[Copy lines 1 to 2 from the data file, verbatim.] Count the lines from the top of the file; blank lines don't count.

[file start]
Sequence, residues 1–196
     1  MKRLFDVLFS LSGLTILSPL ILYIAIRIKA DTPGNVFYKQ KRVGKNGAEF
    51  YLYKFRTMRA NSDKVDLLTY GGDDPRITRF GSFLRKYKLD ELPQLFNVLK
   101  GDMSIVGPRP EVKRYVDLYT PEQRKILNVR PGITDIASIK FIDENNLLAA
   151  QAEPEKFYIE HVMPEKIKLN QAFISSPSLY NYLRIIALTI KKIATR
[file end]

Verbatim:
Sequence, residues 1–196
     1  MKRLFDVLFS LSGLTILSPL ILYIAIRIKA DTPGNVFYKQ KRVGKNGAEF